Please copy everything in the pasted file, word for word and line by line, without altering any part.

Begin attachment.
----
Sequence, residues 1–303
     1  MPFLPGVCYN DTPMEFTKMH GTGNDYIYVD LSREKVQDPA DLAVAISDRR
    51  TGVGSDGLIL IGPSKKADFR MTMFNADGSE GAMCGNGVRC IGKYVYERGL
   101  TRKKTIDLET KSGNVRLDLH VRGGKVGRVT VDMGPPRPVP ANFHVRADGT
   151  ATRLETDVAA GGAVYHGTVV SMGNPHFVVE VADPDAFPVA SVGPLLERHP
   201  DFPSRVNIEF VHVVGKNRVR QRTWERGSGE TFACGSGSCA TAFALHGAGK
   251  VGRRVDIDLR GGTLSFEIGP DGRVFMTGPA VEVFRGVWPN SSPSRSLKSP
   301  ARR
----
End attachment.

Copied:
Sequence, residues 1–303
     1  MPFLPGVCYN DTPMEFTKMH GTGNDYIYVD LSREKVQDPA DLAVAISDRR
    51  TGVGSDGLIL IGPSKKADFR MTMFNADGSE GAMCGNGVRC IGKYVYERGL
   101  TRKKTIDLET KSGNVRLDLH VRGGKVGRVT VDMGPPRPVP ANFHVRADGT
   151  ATRLETDVAA GGAVYHGTVV SMGNPHFVVE VADPDAFPVA SVGPLLERHP
   201  DFPSRVNIEF VHVVGKNRVR QRTWERGSGE TFACGSGSCA TAFALHGAGK
   251  VGRRVDIDLR GGTLSFEIGP DGRVFMTGPA VEVFRGVWPN SSPSRSLKSP
   301  ARR